Everybody remembers the “Share a Coke” campaign in which Coke advertisers placed a series of names and phrases on their bottles and cans. This campaign saw riveting success where everyone from their best friend to their Grandma was buying the soft drink, whether or not they even drank soda. Coke reached its consumers through its bottle packaging, rather than the product itself. Odds were, most people were not buying a Coke can with their name on it because they were craving a soda that day, but rather they were shocked advertisers actually spelled their name right. Or, two friends were feeling sentimental and decided to buy the “Best Friends” cans, clearly solidifying their friendship. Whatever drove consumers to purchase a Coke did not matter. What did matter was that people were posting photos of the cans and sharing them with friends, blowing up social media and further promoting the Coke campaign without even realizing.
Now, Coke did not rest on their laurels of this campaign, but rather took their marketing technique one step further. This time, Coke wanted to interact even more personally with their consumers, which they did through an interactive billboard in Times Square. Coca-Cola took the 1,000 names that were originally printed on their bottles and cans and pulled facts from Google about each name. The billboard requested people to tweet their name to Coke and within two minutes a fact about their name would appear across the big screen. For example in response to a tweet from a guy named Larry, this message appeared across the screen: “Most Larrys are dog people. Sorry, cats”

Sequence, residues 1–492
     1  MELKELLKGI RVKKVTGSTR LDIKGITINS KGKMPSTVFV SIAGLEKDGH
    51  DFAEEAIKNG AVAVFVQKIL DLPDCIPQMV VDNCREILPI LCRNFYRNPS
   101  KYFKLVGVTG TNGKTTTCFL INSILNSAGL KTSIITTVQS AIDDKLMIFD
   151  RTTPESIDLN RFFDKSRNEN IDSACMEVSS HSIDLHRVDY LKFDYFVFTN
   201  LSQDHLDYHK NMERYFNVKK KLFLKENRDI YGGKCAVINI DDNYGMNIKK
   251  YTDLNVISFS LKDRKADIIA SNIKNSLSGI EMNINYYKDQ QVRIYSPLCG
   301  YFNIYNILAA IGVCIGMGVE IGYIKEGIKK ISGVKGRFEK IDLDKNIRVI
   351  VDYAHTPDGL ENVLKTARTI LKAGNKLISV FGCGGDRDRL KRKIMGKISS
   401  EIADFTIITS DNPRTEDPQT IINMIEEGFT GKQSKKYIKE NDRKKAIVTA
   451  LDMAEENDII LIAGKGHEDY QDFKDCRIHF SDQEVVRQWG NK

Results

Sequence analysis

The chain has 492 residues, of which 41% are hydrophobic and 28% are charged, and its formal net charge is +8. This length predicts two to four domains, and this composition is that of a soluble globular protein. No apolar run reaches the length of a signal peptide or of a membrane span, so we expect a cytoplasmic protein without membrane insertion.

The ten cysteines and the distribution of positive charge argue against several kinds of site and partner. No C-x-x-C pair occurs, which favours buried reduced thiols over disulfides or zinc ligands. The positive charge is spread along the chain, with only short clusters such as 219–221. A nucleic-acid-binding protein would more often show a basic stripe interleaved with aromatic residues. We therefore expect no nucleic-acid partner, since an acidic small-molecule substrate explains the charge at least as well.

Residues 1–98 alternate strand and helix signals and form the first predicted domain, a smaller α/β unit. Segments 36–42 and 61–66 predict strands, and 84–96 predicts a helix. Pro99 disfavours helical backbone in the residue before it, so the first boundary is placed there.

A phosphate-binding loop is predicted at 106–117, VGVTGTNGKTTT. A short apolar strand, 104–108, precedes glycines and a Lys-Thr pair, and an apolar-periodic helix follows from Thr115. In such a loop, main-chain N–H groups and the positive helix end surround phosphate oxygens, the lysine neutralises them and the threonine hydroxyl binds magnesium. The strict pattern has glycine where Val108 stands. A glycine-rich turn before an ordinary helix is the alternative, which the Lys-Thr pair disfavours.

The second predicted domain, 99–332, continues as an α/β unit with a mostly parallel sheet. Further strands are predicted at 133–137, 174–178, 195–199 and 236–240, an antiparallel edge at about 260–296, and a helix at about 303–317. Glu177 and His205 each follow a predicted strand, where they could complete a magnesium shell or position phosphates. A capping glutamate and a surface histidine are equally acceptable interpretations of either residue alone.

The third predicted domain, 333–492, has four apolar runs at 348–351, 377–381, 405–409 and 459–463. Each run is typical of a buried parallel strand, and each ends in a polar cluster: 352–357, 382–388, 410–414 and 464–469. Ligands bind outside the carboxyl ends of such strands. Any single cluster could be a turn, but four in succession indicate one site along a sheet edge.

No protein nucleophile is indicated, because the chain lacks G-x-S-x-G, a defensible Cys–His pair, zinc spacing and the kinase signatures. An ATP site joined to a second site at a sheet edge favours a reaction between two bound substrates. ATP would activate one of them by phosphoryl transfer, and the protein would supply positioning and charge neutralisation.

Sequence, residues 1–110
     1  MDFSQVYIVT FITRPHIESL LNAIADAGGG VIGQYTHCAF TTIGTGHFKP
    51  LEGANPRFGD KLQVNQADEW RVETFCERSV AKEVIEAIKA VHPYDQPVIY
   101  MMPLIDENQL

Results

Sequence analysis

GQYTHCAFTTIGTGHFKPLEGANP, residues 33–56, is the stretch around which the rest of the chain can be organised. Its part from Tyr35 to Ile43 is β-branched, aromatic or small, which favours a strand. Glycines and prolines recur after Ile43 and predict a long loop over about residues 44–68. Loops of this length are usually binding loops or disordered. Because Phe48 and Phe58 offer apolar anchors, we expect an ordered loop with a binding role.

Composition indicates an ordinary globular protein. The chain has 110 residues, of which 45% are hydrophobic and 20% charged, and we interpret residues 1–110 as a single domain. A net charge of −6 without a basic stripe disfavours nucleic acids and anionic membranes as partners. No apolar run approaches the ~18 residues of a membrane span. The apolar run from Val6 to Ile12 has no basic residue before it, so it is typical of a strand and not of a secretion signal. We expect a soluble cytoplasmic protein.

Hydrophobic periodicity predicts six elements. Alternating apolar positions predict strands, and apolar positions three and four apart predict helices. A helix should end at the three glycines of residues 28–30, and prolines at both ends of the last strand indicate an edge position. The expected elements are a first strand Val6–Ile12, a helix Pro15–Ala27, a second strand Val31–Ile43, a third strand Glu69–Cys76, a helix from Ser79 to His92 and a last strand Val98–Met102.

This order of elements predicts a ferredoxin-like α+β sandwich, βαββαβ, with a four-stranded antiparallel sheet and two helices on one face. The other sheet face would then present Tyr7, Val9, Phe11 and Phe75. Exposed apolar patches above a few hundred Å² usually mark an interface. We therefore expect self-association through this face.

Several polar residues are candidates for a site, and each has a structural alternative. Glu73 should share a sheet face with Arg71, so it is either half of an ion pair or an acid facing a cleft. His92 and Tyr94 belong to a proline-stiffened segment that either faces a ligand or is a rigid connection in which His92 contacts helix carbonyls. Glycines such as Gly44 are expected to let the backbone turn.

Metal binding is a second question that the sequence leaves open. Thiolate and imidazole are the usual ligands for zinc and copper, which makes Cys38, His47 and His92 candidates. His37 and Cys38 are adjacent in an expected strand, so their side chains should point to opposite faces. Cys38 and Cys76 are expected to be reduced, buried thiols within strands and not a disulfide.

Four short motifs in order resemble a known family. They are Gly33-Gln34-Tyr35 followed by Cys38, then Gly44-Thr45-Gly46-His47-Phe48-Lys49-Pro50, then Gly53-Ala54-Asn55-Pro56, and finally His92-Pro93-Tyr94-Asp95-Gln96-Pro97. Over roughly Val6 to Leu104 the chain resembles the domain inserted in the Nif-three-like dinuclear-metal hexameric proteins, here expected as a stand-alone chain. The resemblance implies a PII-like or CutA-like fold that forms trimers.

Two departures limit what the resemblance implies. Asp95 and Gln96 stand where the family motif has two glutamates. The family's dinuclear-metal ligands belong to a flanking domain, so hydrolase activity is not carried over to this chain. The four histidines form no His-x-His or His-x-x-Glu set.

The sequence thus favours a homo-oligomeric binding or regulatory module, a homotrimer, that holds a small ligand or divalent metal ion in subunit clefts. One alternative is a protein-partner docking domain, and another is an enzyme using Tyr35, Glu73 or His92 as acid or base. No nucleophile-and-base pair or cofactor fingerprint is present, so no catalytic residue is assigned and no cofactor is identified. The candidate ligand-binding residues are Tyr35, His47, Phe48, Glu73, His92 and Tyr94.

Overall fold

It didn’t matter whether or not this particular Larry happened to own six cats and was severely traumatized from an experience he had with a dog, Coke was proving that even a large company like themselves could interact somewhat directly with its consumers. While Coke didn’t break the Internet like Caitlyn Jenner did a few weeks ago, the campaign did see a large amount of success. Coke was able to further brand themself by using personal and humorous techniques to reach a massive audience. Coke was able to simultaneously advertise remotely (via Twitter) as well as face-to-face (via Billboard in Times Square). With this approach, Coke was not only able to interact with people in Times Square, but it also allowed people across the country to contribute to the campaign.
Coke beat its competitors to the punch with their interactive campaigns, which allowed the brand to further develop a personality for itself. You can also read about the disadvantages of Coke’s share a coke campaign here.
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